I love Van Halen, much to the surprise of some who know me; but despite the harder edge than a lot of what I grew up with, that band (like Bad English, or Whitesnake, or so many others we could name) were emblematic of the trashy, flashy 1980s some of my teenage years coincided with: the big hair, the contrived extroversion, the overperformances, the big-statement “production” music videos…you get the idea.
I always thought Van Halen was better in its second incarnation, after David Lee Roth left; if anything, his replacement on lead vocals by Sammy Hagar gave the band a harder sound than the flashy, trashy David Lee Roth, although some of the latter’s solo efforts — Just A Gigolo and Just Like Paradise — count among my favourite 1980s tracks too (and yes, I have Dave’s Greatest Hits CD in my car somewhere as well).
The first of my Van Halen double shot tracks today, aptly enough, is Dreams; there are a number of “official” videos that go with this track, although the original series — featuring the US Navy’s Blue Angels squadron is still the best, as the aircraft cross each other’s paths, fly in formation, and fly in sync with one another.
Check this out.
For those who know Melbourne, the range of locations to listen to this stuff — at cracking volumes — is terrific; in my own case, heads turned at the traffic lights on the way out of Tullamarine Airport. I was rockin’ heading around the Western Ring Road, and climbing higher! higher! as I went up and over the West Gate Bridge. At the Kingsway exit, with its mandatory wait to get onto Kings Way (and again at the endless stops at intersections along that thoroughfare and on St Kilda Road), it was patently clear that the blast of Van Halen I was broadcasting on my way through Melbourne’s inner south was making me a figure of some ridicule, but I didn’t care.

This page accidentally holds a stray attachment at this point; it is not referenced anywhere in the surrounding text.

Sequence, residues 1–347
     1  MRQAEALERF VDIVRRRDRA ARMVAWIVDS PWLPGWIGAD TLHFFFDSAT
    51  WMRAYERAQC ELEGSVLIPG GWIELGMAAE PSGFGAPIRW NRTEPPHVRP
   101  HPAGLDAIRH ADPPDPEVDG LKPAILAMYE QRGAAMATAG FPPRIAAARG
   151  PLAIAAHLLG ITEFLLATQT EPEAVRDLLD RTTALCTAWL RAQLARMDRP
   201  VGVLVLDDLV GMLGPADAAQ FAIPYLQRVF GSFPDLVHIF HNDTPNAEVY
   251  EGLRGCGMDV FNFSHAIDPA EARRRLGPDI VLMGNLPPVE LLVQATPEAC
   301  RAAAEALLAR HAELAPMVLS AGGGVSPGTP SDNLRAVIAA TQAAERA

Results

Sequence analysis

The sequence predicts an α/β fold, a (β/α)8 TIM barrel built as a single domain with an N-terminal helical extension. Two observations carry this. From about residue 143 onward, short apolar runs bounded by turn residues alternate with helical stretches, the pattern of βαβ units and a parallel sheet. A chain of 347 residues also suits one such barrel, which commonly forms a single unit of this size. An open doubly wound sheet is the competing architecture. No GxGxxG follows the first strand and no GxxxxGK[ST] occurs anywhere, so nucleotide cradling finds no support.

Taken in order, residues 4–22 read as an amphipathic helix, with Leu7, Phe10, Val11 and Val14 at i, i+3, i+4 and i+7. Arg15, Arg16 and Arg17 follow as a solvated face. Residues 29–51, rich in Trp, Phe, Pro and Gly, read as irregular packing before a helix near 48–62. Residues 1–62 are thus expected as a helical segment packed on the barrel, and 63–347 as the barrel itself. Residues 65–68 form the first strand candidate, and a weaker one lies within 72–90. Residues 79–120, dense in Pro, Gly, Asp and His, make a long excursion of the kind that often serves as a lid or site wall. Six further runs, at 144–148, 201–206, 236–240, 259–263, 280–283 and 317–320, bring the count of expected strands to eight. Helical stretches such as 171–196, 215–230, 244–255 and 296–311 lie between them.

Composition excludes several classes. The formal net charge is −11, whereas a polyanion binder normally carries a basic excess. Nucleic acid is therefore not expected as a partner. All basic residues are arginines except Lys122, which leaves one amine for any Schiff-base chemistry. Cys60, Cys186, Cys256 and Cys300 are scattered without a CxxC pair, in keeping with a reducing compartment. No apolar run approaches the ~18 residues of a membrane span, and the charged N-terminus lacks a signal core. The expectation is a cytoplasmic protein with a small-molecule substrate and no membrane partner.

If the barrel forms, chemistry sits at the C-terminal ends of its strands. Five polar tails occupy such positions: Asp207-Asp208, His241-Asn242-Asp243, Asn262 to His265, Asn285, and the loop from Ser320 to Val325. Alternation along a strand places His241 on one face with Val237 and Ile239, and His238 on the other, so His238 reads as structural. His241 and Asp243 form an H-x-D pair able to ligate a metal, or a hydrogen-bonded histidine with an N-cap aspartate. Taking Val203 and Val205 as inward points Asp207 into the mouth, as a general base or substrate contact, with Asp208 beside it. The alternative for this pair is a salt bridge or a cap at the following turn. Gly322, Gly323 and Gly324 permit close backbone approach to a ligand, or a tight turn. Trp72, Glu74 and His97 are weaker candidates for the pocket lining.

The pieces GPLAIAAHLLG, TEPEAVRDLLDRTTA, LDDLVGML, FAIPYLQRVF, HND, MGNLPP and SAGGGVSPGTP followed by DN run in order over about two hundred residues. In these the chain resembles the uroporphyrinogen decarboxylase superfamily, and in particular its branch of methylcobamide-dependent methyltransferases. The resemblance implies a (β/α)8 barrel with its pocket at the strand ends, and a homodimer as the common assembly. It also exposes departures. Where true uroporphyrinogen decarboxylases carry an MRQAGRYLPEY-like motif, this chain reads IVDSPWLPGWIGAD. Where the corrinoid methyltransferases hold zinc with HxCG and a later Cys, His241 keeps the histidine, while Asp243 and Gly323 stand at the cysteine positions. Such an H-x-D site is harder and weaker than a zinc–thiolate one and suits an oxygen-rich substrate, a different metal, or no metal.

After all, who would recognise me? Even if they did, what could they possibly say that could bother me? Let them gawp. Let them gape. I didn’t know about them, but I was having a mighty fine time — thank you very much!
And this brings up the second take in today’s double shot — which also just happens to be the very next track on the CD — and speaking of big, flashy, epic 1980s music videos, this one holds its place with the best of them.
I’m going back to Canberra next month, and I have to say that I am looking forward to it; the good burghers at Qantas will likely see a fair bit of me on that route in coming months, and I am finding — despite myself — that the place is beginning to grow on me, although I certainly wouldn’t ever want to live there.
Short of a political life, which I doubt I will ever have, Melbourne will do me just fine.
But as they say, “when you’re on, you’re on,” and I found myself exhilarated this week as a trip somewhere I wasn’t really keen on going turned out to hold great promise, and those readers in Melbourne who encounter a car heading toward the airport on the Tullamarine Freeway one morning at 7am, Van Halen blaring at top volume, can probably hazard a guess who it is driving it — and where I might be off to.
Enjoy today’s double shot and the bonus tracks I have linked in as well; I will see you again later in the week.